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wendy, do not feel that patients are 'relegated' to hospice to die. my mother is 92 and has been on hospice twice. this is a mind reliever for me. my mom has been on hospice twice. she is in a nursing home and they come there. hospice has been described to me as extra care for the living for a much better quality of life that harried nursing home workers can not give. I feel all the emotions that are stated in this blog. right now I am kind of in a negative mood. my sister from out of town visited and my mom acted like it was the second coming, if you know what I mean. I have been doing all and more of the things that she says my sister did in her 3 day visit. my sister does not speak to me because of my letting off steam to what I think I about her participation in mom's caregiving. how nice to push this off on other people so easily while enjoying her retirement with a new boyfriend..... so maddening. then my own grown children (30's) tell me I should not feel like this and I should ignore her... no one understands. thanks
to Diane, yes you are right. Your husband is in deprssion. This is also fear, anxious, selfminimiced, he is not the man, he knows. His life is chanced. But he can not believ this. So it is good, he talks with other men, because the man has other words as the woman. So he will be with other man, it is like the mens evening in the earlier time. He can better speak with the other mens, it is a other thing with man to man or woman to man.
So his depression will goes away, and the fear and so on also.
Diane, to find a support group look for Elder care services web site in your county.
I lost my mom this year to Alzheimers Jan 2013.My mom was my heart my best friend.I miss her so.I just would like to say to all of you who care for a loved one with this disease.Give yourself a break.There is no way you will do everything right and that is okay.there are no perfect decisions you do the best you can each day with your heart and do not forget that before this all happened you are still important to your family and friends.If you have to put mom or dad in a home think of it as help that you needed,forget all that guilt life is too short.
My husband is 75 and I am 66. He has AZ Dis..
I think he is depressed at times and also mostly very pleasant. He does not seem to know or worry that he has it. It is a chore to help him with things he used to do alone. He gets lost, cannot drive but screams I am not disabled. I just struggle along and feel lucky to still have him with me. I would like to go to a support group. How do I find one?
It has been six months since I placed my father in a memory unit, after nine years of providing care in his home. As a long distance caregiver, it became increasingly difficult to meet all of his needs due to memory loss from a stroke. My dad is still agitated, angry, depressed, and mad at me. I feel so guilt and depressed that I cannot comfort him. Are there resources for family members who have had to place loved ones in a memory unit and deal with the worry over finances, guilt, and sadness watching a loved one suffer with this disease?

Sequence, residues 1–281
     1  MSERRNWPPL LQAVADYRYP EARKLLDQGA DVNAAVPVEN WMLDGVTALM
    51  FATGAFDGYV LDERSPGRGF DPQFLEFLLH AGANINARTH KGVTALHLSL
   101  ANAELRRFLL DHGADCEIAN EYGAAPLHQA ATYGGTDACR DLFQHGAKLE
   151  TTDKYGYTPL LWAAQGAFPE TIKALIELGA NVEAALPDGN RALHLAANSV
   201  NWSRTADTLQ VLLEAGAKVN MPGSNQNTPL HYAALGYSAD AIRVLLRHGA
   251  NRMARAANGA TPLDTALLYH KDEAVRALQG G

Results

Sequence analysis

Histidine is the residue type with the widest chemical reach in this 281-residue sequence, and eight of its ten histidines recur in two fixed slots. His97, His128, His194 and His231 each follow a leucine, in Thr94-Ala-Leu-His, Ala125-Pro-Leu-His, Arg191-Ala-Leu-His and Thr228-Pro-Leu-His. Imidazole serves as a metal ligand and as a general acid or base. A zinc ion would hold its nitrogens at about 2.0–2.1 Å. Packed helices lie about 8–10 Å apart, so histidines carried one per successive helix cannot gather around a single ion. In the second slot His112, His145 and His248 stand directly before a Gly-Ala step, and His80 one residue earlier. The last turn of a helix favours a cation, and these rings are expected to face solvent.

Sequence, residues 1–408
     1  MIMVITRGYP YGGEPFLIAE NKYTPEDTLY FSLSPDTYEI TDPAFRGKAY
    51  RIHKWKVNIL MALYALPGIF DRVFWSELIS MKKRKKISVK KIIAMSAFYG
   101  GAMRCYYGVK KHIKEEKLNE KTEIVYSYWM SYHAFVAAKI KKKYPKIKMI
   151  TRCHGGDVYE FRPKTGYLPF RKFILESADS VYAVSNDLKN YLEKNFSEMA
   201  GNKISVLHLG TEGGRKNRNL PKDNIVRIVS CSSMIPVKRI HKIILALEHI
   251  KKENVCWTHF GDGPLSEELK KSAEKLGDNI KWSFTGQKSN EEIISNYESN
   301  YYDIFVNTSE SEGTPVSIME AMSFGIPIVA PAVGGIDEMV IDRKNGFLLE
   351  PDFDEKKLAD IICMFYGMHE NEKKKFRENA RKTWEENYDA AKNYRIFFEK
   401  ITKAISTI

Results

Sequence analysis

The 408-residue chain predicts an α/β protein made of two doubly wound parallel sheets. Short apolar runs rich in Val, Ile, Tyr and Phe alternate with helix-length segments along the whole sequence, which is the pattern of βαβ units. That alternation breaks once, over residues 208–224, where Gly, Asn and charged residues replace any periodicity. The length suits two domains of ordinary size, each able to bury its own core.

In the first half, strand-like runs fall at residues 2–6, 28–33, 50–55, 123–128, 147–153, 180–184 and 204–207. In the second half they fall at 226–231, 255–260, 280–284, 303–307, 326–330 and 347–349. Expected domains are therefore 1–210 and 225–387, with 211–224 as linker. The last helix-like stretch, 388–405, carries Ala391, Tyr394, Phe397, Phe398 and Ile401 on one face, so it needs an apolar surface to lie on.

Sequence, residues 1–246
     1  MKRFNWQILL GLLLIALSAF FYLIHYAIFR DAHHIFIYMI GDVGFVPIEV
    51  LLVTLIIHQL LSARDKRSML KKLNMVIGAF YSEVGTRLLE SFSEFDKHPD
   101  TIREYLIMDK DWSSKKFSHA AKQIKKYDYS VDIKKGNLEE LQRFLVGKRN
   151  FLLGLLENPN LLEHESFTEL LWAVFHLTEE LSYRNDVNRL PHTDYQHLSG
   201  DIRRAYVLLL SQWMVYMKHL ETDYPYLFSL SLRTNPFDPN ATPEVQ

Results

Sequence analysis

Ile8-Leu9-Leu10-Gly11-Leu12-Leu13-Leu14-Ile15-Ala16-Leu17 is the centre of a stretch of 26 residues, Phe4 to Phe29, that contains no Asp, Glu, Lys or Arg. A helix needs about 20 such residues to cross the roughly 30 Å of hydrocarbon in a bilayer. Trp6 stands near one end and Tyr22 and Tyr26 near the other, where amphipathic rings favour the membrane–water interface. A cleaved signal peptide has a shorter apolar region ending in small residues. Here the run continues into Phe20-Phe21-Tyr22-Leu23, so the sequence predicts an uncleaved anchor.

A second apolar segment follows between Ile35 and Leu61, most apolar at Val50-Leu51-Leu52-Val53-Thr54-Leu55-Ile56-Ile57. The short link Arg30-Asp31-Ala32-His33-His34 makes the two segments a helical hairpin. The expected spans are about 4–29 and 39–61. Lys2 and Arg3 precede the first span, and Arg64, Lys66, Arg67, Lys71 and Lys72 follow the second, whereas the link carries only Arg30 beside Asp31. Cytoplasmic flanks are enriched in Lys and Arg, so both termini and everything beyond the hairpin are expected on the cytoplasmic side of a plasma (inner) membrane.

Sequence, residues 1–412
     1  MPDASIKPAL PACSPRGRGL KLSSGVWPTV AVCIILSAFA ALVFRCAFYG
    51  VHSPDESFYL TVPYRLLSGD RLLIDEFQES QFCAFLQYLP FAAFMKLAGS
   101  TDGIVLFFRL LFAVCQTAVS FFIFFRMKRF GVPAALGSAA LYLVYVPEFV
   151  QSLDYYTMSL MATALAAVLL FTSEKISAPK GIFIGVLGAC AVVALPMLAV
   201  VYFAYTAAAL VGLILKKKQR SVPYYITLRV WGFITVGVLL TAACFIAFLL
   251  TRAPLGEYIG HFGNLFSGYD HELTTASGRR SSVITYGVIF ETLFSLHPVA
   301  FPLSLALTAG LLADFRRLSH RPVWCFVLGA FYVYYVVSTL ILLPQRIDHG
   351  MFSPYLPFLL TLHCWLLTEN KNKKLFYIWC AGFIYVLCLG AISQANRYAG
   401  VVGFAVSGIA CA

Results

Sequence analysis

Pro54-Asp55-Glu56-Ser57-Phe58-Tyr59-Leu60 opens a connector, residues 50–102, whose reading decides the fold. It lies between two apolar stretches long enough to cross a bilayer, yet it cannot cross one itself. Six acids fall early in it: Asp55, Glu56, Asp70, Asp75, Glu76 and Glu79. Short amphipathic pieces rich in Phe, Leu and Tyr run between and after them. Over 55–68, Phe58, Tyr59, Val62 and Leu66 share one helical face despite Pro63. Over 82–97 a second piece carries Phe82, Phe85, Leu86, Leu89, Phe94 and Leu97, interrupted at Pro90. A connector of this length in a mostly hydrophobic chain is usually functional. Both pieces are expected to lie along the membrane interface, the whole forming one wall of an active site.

This is a amazing article I found online and thought you all may want to see and maybe repost it.
"Mind sports could help older adults improve cognitive performance and reduce the risk of Alzheimer's (opinion from Michael Ciamarra)"
to MarieB, yes you are right. All the recources we need are living in concentration with our eyes, ears, feeling with our hands, fingers, skin, speaking with our mouth. It is the information for our brain. The information is the input for our brain. With this the brain cells are working, the biochemicals are the keys, are also working and so the connectings all brain cells are also working. When we do nothing, the other people do all the things from the daily life, they take away the information. And so the brain cells go down, and the biochemicals will be not build.You go the way to Alzheimer disease, or Dementia. This is the wrong way. When we are doing ourselves all the thing in the daily life, we can do. So we save our brain. I am a caregiver and a therapist for a long time.
Most caregivers do not want to place their loved one in a nursing home or go onto Medicaid and spend down all their financial resources. Using the hospice benefit is appropriate. We are not cancer patients who have the long hospitalizations and treatments first and then go into hospice with a predictable life expectancy. We are not patients with the need for long term dialysis, and other very expensive interventions provided by Medicare over years. We must start insisting on using existing resources whether it be hospice or homecare to meet the needs of those with dementia and their caregivers. In these resources, the staff needs to be certified on how to communicate, guide and support patient and family through the stages of dementia.
Your words came right when I needed them most. I know I am just having one of those rough days and your message has helped put it all back in perspective. Thanks so much!
I am caring for my husband at home. Fortunately, even though he forgets,he wants to be active every minute. So every day,I have activities for him do. He was a builder for many years, and still does minor repairs and renovations. I assist him when he does the repairs, handing to him the tools he needs, telilng him what we are doing at that particular time. It is a longer process, the day goes on, and night comes, and watching TV at night is the relaxation time for me (when he is finally asleep). Aside from keeping him busy, my husband and I walk almost daily, eat more vegetables,fish and fruits(Mediterranean diet), listen to classical music (his favorite). This takes a full time of caring(aside from doing housework,cooking, attending to financial duties). According to western medicine professionals,there is currently no medication for Alz Dx. The medications available are for some symptoms of Alz Dx,which might have some side effects,which could require more medications that could produce more side effects. It could turn into a cycle of medications. That is my concern if the last option I have (in the future) is putting my husband in a nursing home. The staff have their scheduled work to do everyday, and they would not have time to take patients with Alz Dx for a half-hour walk, to improve the patient's circulation,which would make the memory working less and less. I am 64, my husband is 73,I am also getting older, and at this point,Iam doing what I can.